I know what my problem is. I need to write. That's always what my problem is. So here goes. Instead of being chicken and waffling, I'm going to share my thoughts on Chick-fil-A Appreciation Day.
Mike Huckabee's campaign to get people to voice their support of Chick-fil-A makes me sad. What if back when it was illegal for black people to marry white people my friends and loved ones made plans to gather at a restaurant that came out in vocal support of racial purity to show their appreciation and support? I think I'd feel the way I feel now. Sad. And alone. Like some kind of fucked up weirdo who thinks consenting adults should be able to have a legal contract and declare their love for each other like all other consenting adults, no matter what color, what gender. With marriage, we're all grownups here. Why does my country still feel like a schoolyard with bullies in charge of the game? And I'm way out in left field, wiping the mix of dusty tears and sweat from my cheeks, sick of playing the game.
I feel better now. Will just got home from the grocery store. He's making chicken tacos. I have the best husband. He is so right for me. He gets me. Like when I rant to him about how I don't understand not wanting all adults to have the right to have what we have if they want it. I'm going on and on and on. Rosacea flaring. Getting in the way of his trying to put away the perishables and get dinner started. Waving my arms in the air and making Katie laugh at me and ask, "What's that mean?" at my every other word. This is how my calm, cool, magnificent husband responds to my rant:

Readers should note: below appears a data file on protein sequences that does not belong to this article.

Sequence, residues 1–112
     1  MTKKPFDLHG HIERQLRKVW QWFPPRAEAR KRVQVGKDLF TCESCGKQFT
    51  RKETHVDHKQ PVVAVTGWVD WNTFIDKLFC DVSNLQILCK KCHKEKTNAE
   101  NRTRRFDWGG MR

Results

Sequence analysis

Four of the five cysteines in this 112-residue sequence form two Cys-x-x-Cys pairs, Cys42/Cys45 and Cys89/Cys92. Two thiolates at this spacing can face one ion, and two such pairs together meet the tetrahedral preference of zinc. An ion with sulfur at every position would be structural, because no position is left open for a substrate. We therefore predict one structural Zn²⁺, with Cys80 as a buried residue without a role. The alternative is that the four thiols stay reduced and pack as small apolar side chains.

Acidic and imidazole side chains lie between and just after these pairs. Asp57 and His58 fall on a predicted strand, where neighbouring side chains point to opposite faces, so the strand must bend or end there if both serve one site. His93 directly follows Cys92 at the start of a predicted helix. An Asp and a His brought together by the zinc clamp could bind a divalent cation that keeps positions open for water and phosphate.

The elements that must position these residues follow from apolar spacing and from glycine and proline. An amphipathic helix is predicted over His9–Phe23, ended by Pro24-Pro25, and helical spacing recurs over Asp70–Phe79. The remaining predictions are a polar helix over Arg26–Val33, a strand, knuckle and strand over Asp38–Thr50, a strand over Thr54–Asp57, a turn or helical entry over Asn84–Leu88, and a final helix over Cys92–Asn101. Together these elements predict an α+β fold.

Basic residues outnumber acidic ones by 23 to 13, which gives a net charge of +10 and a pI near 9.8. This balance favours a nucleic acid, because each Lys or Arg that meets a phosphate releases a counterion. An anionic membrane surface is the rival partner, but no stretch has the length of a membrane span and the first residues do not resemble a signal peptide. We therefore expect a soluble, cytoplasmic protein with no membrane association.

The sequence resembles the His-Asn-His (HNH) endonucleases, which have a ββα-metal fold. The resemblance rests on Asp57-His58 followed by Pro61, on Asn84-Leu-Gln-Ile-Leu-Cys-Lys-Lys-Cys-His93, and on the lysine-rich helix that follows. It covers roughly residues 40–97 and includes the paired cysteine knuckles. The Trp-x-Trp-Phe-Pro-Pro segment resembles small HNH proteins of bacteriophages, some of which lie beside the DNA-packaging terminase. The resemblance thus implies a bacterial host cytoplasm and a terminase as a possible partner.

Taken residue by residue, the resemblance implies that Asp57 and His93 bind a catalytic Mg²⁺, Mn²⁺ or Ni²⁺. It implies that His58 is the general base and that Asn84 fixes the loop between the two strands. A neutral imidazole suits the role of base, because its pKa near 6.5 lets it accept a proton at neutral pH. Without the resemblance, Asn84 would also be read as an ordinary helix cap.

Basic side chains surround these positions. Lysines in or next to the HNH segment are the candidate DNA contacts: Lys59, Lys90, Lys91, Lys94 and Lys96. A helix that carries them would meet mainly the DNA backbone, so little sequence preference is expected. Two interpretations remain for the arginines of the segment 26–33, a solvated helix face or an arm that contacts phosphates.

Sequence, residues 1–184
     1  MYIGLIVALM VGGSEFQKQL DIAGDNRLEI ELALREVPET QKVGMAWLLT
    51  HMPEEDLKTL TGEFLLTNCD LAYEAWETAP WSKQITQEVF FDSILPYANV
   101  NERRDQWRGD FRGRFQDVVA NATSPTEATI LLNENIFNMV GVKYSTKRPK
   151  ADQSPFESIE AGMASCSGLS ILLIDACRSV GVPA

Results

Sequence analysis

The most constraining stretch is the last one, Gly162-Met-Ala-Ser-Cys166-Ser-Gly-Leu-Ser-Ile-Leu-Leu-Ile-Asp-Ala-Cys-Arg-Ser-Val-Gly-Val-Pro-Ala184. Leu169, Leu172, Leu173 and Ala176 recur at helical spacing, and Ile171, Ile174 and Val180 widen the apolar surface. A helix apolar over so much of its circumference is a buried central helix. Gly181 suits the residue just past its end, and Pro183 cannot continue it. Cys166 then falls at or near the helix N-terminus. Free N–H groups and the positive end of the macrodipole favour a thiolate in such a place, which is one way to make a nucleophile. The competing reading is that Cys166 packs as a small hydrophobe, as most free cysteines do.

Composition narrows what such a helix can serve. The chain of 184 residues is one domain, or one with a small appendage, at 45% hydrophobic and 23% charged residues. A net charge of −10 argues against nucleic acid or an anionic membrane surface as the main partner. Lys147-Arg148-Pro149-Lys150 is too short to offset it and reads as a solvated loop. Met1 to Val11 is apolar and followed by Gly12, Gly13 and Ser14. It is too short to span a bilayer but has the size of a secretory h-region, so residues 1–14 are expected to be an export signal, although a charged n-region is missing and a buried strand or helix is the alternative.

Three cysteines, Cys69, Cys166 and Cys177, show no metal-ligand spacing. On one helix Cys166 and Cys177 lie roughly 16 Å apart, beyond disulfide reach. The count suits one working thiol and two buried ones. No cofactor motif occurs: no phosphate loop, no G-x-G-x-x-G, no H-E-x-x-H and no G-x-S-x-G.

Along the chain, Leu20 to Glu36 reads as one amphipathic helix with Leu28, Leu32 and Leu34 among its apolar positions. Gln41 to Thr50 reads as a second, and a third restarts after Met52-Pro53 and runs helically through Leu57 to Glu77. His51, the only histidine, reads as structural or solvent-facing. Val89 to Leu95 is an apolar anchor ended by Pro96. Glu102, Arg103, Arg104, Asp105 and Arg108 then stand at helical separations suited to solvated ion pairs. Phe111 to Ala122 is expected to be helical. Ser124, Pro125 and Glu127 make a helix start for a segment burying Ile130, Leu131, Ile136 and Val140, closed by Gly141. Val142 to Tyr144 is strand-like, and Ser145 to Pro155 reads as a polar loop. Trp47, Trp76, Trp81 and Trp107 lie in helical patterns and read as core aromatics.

"You know what I think?"
"What?" Katie and I say at the same time, excited. When Will talks, which is not that often, it's usually important.
"I think Jesus wasn't chicken."
"Yes!" I shout out and slap his hand. "Those are my thoughts exactly!"
Will wipes out a skillet I hadn't quite gotten all the way clean, tossing some crumbs into the trash can and says, "Yeah, Jesus was about going against what everybody else was saying."
There's my courage.
I don't remember reading about Jesus asking the apostles to gather together to support the fight against the right for people to love each other. The quote I remember most of His is to "love your neighbor as yourself". If I am deserving of marriage to another adult with whom I share mutual romantic love, why isn't my neighbor?
Jesus wants us to love each other. It's as simple as that.